How to install the dns-route53 plugin for certbot on Ubuntu?

There are no instruction on how to install the dns route53 plugin for certbot. Here is how to do it for Ubuntu.

To install certbot:


$ sudo apt-get update
$ sudo apt-get install software-properties-common
$ sudo apt-add-repository ppa:certbot/certbot
$ sudo apt-get update
$ sudo apt-get install certbot

To install the dns-route53 plugin:

# apt-get install python3-pip
$ sudo pip3 install certbot-dns-route53

You can then create a new certificate with something like that:


$ sudo certbot certonly --dns-route53 -d YOUR-DOMAIN.com --deploy-hook 'systemctl reload apache2'

Are you puzzled about why ssh does not use your ssh-agent?

It could be that you are using the IdentityFile combined with the IdentitiesOnly option. When IdentitiesOnly is set to yes, ssh will not try to use the ssh agent, but only the key that you specified with IdentityFile. Consequently, you have to enter the passphrase every time.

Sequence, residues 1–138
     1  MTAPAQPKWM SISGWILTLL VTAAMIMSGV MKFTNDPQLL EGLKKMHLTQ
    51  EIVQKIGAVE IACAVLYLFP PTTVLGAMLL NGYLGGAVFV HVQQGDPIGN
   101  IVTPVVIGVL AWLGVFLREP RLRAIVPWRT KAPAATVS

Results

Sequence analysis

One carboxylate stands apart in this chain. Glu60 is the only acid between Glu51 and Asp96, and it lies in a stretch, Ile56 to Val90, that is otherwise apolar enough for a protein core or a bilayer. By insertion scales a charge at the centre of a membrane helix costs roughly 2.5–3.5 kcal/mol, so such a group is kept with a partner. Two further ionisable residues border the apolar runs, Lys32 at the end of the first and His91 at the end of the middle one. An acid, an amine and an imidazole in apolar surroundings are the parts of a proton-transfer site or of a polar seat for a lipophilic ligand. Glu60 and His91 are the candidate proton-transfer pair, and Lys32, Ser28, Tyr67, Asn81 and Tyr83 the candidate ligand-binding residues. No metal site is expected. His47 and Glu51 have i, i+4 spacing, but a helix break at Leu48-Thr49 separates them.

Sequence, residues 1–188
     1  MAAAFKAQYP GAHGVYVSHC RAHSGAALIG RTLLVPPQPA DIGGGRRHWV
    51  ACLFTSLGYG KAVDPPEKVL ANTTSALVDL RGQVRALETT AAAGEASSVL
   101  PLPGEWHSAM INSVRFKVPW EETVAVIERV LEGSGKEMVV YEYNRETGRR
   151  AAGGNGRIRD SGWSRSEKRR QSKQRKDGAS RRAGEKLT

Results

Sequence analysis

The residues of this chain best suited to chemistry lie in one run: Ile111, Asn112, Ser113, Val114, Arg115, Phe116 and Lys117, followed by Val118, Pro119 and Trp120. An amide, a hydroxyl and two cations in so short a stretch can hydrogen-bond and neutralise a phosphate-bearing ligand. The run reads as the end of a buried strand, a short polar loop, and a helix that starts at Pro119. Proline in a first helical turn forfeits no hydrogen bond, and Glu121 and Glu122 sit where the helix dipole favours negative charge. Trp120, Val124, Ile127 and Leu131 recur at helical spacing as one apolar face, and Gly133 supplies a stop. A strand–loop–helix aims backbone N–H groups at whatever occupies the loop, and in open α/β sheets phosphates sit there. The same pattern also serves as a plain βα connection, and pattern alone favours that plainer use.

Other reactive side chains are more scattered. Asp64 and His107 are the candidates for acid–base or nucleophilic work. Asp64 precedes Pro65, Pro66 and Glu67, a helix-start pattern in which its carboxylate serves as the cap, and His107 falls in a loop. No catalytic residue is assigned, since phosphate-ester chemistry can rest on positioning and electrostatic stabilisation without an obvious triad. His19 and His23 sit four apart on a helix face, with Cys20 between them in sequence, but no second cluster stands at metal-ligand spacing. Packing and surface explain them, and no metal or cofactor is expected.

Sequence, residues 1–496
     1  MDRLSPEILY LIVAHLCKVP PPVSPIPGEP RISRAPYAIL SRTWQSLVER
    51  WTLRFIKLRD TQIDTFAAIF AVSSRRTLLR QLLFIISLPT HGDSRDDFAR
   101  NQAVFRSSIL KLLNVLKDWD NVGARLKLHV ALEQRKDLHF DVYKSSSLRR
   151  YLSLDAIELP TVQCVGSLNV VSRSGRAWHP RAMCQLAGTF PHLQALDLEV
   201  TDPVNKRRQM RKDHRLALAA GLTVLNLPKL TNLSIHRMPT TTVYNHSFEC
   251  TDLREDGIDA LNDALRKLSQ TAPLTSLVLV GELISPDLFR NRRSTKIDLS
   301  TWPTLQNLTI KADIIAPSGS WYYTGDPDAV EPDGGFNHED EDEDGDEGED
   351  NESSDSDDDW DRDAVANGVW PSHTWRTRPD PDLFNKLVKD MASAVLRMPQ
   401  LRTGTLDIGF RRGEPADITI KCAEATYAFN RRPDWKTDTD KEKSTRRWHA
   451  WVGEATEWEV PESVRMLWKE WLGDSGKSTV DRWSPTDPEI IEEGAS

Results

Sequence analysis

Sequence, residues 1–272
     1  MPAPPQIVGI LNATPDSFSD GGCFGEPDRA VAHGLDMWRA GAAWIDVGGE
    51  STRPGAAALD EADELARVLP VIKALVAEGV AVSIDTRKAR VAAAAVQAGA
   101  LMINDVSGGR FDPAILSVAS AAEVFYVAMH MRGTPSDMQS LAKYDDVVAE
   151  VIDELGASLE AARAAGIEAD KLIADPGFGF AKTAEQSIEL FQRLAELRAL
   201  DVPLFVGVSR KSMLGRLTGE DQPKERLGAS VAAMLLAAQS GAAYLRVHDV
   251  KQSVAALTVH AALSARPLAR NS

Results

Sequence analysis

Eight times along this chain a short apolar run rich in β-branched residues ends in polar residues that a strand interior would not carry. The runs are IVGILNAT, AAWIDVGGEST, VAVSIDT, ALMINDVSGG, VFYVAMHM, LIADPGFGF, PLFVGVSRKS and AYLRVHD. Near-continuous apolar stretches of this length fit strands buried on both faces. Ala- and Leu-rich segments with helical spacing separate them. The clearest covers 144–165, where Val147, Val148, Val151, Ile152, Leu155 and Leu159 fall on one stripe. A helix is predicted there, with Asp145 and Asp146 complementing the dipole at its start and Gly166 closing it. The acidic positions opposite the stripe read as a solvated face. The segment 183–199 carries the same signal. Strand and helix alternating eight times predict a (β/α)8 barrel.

Instead, use the CertificateFile option (and specify the corresponding public key). This way, ssh will use the ssh agent properly.

Please note that in that case, you will need to load the private key in the ssh-agent first, eg: $ ssh-add /PATH/TO/PRIVATE/KEY. If you don’t, ssh will not find the private key in the ssh agent, and has no real way to know what is the private key to use otherwise.

How to install a MySQL NDB Cluster on Ubuntu

Official documentation here.

Installing and configuring MySQL Cluster on Ubuntu

There are 3 different types of nodes for MySQL Cluster: NDB manager, NDB node and mysql server. Please note the standard mysql server does not support the NDB database engine, so the mysql server must be the one compiled with NDB support.

This page assumes the following configuration:

  • Only one NDB manager node is running, which is enough for a small setup like this. Please note the NDB manager does not have to be present for the cluster to work. It is used essentially once at startup, and thereafter when a node dies for some reason.